Some conditions are illnesses that bring about uncomfortable, or even dangerous systems, that remain with a person until they are treated. Other conditions, however, are lifelong, and while there is no cure, they can be managed. Allergies are one of these lifelong conditions, while not always life-threatening, it can important to get tested to find out the best way to manage the condition.

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What Are Allergies?

An allergy is, in some ways, an “overreaction” by the immune system to a specific substance. Under normal circumstances, if we experience itching, swelling, hives, or other physical reactions, this is because a contaminant has been introduced to our body, and the body responds by fighting it and diverting immunity systems to a specific area.

An allergy, however, triggers these extreme immunity reactions even if no conventionally dangerous or toxic substances have entered the system. When a person has an allergy that means that a specific, hyper-response to a particular substance or substances is present, and triggered. This is why some people can own pets while others, who have an allergic reaction to the dander of fur from dogs or cats, have a severe negative reaction.

How Do You Get Allergies?

An allergy isn’t a disease, so if you love pets and own them, you’re not going to develop an allergy to pets just by near someone who does have this allergy. Most allergies are hereditary, in that if one or both parents are allergic, the child is likely to develop allergies as well.

However, it’s important to note that it’s the potential for allergies that transmits, not a specific allergy itself. So someone who is allergic to pets may have a child is not allergic to pets, but is allergic to pollen, or peanut butter. It’s also important to note that allergies do not have to manifest during childhood. Someone who had no allergies to pollen as a child can later develop that allergy as an adult. It can sometimes take years or even decades for the onset of allergic reactions to show.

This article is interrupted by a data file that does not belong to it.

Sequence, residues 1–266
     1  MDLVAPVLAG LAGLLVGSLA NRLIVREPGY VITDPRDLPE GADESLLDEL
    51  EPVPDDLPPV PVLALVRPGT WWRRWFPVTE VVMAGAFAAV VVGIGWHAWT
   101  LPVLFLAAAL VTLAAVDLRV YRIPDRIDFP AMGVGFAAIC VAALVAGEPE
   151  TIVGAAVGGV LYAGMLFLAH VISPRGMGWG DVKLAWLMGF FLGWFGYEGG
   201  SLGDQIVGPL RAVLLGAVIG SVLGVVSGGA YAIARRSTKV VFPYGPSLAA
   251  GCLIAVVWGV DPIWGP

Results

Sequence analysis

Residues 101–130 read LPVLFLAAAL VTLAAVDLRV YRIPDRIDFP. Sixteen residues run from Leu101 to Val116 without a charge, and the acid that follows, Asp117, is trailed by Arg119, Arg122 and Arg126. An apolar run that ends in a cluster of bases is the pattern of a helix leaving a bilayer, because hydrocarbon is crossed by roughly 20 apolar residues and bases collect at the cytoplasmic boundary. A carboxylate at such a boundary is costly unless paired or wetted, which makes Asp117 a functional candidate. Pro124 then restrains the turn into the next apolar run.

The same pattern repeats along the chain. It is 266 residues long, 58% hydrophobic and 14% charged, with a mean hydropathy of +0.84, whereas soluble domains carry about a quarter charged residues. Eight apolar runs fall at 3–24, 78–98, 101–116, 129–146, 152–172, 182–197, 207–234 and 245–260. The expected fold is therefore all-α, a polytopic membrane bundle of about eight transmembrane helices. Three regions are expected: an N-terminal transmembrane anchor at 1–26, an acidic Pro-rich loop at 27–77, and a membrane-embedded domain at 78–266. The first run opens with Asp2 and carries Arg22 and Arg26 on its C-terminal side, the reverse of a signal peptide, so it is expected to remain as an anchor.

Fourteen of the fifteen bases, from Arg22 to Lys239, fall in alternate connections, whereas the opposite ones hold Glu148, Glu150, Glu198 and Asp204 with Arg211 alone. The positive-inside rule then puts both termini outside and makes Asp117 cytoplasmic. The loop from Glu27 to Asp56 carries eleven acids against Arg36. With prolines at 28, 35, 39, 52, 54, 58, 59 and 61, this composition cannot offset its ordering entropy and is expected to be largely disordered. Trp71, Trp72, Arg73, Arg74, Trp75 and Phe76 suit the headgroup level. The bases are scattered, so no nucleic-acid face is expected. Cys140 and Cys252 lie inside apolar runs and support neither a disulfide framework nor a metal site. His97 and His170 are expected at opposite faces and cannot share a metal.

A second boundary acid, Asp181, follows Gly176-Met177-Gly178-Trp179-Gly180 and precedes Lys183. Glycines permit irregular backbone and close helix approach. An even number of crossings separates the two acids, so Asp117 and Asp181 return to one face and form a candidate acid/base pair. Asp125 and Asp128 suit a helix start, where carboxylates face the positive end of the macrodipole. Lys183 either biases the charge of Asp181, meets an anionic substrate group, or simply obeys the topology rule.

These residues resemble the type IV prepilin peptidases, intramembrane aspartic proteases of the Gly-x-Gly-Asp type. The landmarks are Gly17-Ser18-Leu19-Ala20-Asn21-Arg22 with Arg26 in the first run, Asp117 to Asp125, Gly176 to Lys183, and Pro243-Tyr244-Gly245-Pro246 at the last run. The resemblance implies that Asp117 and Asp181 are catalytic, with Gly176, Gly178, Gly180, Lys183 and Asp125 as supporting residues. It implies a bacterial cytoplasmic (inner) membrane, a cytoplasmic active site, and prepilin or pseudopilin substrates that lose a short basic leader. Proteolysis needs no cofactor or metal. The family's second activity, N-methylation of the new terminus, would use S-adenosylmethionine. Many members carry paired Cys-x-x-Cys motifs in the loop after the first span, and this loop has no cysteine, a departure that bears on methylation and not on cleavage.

What Is Environmental Allergy Testing?

The best way to manage an allergy is to know exactly what substance—or allergen—is causing the allergic reaction. For example, if someone shows allergic reactions during the spring in pollen season, you can reasonably guess that pollens are the allergen, but you don’t know which specific ones on the air are responsible. Environmental allergy testing can narrow down the specific allergens by testing for them in three ways:

Elimination Diet

Some allergens only show a reaction once ingested. In such cases, an elimination diet may be prescribed by a doctor. With this method, certain foods will be slowly removed from a diet to watch for reactions. If allergic reactions subside, some of these foods are reintroduced to determine which food and which ingredients are the allergen.

Blood Test

Sometimes for safety reasons, a person can’t be exposed to allergens, so instead, a blood sample is taken, and that blood sample is exposed to different allergens to watch for the immune response that is the telltale allergic reaction.

Skin Test

The most common type of allergy testing involves exposing the skin to small samples of different possible allergens and observing the area for reactions. In some cases, the allergens may be injected just under the skin. If there are reactions, they will usually occur within 30 minutes of testing, though some additional swelling may follow in the hours after the test.

Seeking Proper Treatment

Environmental allergy testing is a crucial first step in managing allergies. If you have allergies, and you’d like to find out more about how to address them, talk to a medical specialist, and get your allergy testing to find out what you’re reacting to.

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